6.    Duffey, Betsy. Fur-ever yours, Booker Jones. New York: Viking, 2001. Twelve-year-old Booker Jones turns to his writing once again to deal with the stress of his seemingly insensitive parents' decision to vacation together, leaving family and laundry behind. Grades 4 to 6.

 7.    Ellis, Deborah, A Company of Fools.  Markham, ON: Fitzhenry and Whiteside, 2002. Two boys become unlikely friends during a dangerous and deadly time in France, and look to each other for survival. Grades 4 to 8.

 8.    Shill, Elizabeth Starr and Lesley Lui, illus. Chang and the Bamboo Flute. New York: Farrar, Straus and Giroux, 2002. Chang, a mute Chinese boy whose father uses cormorants to fish, becomes a hero when a heavy rain strands his father's fishing raft. Grades 2 to 5.

 9.    Hoeye, Michael. Time Stops for No Mouse. New York: Putnam, 2002. When Linka Perflinger, a jaunty mouse, brings a watch into Hermux Tantamoq's shop to be repaired and then disappears, Hermux is caught up in a dangerous search for eternal youth as he tries to find out what happened to Linka. Grades 5 to 8.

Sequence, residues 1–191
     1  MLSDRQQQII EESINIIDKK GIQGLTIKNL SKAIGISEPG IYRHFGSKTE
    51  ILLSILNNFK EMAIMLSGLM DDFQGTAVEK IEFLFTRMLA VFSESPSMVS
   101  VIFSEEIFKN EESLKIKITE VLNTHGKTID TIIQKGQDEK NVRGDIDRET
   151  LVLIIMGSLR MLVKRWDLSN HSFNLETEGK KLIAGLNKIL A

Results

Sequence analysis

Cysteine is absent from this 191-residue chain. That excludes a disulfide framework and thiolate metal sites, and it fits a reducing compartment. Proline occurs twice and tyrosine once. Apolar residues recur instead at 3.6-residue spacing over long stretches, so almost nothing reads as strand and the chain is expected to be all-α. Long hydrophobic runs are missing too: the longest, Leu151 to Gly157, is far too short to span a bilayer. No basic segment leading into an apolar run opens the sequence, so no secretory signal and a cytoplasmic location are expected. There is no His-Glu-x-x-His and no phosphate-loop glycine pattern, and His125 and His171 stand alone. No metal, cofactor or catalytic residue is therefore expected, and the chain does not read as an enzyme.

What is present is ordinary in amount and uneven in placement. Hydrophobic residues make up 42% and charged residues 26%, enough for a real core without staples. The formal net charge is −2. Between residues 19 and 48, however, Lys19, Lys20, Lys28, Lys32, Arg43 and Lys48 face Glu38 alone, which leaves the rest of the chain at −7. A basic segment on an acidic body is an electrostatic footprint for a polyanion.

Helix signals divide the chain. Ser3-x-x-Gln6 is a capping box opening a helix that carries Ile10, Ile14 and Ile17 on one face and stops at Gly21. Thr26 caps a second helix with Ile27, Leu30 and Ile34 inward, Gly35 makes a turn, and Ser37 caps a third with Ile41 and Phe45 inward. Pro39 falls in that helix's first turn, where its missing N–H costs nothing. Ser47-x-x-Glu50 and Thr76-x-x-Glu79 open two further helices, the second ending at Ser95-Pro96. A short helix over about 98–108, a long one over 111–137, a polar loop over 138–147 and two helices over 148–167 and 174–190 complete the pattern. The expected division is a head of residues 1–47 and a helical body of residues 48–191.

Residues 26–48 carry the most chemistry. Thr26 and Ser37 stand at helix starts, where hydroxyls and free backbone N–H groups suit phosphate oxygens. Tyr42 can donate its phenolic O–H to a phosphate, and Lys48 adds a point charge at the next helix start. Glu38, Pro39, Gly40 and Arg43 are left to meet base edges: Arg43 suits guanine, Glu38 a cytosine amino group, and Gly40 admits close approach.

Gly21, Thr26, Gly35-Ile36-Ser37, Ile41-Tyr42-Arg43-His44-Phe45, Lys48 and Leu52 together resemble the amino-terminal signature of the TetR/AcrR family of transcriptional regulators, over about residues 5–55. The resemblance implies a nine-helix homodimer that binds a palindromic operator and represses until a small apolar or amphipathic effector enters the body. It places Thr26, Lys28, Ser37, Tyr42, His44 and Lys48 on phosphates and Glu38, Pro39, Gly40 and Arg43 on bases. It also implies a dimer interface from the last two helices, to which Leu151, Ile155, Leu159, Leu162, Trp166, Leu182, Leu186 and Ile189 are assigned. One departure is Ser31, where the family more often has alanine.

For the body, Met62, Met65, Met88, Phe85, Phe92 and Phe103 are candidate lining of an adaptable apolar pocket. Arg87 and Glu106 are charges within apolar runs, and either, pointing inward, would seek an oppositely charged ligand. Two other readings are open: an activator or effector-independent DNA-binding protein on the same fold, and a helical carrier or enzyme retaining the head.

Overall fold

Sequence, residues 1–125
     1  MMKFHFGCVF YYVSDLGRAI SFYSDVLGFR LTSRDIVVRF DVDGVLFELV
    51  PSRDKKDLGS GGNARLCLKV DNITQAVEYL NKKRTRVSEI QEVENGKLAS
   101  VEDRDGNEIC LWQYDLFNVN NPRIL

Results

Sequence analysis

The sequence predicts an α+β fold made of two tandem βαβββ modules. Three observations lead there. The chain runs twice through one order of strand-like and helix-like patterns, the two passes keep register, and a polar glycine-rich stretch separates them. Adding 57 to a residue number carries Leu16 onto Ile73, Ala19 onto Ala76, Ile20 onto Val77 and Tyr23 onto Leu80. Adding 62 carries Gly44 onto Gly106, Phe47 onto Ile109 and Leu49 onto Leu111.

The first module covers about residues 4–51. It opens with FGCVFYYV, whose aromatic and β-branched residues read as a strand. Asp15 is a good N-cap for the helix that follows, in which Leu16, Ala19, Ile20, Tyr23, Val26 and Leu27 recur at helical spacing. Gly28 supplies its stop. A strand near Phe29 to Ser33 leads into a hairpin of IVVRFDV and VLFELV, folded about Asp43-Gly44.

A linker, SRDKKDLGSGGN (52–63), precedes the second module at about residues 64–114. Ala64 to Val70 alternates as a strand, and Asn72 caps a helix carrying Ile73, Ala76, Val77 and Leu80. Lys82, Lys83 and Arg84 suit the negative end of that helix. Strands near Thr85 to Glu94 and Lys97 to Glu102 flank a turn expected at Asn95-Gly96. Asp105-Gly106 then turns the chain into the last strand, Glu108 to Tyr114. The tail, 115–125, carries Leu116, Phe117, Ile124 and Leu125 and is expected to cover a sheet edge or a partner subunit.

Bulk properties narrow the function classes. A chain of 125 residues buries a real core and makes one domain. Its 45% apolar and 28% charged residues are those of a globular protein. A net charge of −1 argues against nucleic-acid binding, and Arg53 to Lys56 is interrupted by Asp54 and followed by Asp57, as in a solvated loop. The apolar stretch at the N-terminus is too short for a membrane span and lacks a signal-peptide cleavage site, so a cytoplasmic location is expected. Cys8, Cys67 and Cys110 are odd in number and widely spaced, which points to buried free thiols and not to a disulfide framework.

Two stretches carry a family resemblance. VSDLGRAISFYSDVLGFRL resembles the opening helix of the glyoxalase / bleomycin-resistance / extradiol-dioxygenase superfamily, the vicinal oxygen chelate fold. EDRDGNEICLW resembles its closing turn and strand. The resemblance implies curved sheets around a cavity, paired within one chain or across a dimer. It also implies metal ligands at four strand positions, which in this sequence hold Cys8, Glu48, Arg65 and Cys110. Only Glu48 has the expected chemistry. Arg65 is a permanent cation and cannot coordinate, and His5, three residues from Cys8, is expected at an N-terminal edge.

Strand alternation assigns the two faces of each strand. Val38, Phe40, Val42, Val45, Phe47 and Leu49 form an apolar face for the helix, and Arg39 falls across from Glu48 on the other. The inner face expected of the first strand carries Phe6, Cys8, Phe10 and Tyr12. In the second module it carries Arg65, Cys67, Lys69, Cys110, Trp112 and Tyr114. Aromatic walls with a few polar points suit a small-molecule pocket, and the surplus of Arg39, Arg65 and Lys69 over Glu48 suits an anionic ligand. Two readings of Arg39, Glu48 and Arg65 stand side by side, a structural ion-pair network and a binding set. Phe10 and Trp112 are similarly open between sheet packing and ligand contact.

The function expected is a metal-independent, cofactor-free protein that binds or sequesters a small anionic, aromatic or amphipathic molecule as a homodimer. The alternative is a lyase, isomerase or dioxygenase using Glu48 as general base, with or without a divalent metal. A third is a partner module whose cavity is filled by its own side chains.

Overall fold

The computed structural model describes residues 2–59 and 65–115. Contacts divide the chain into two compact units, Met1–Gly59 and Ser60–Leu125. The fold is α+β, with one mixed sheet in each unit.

10. Hurst, Carol Otis and James Stevenson, illus.  Rocks in His Head. New York: Green Willow, 2001. A young man has a lifelong love of rock collecting that eventually leads him to work at a science museum. Grades pre-K to 3.

 11. Hurwitz, Joanna and Mike Reed, illus. Oh No, Noah. New York: SeaStar Books, 2002. Noah struggles to impress the kids he meets when he and his family move to a new house. Grades 2 to 4.

 12. Ibbotson, Eva and Kevin Henkes, illus. Journey to the River Sea. New York: Dutton, 2001. Sent with her governess to live with the dreadful Carter family in exotic Brazil in 1910, Maia endures many hardships before fulfilling her dream of exploring the Amazon River. Grades 5 to 8.

 13. Lowry, Lois and Middy Thomas, illus. Gooney Bird Greene. Boston: Houghton Mifflin, 2002. A most unusual new student who loves to be the center of attention entertains her teacher and fellow second graders by telling absolutely true stories about herself, including how she got her name. Grades 1 to 3.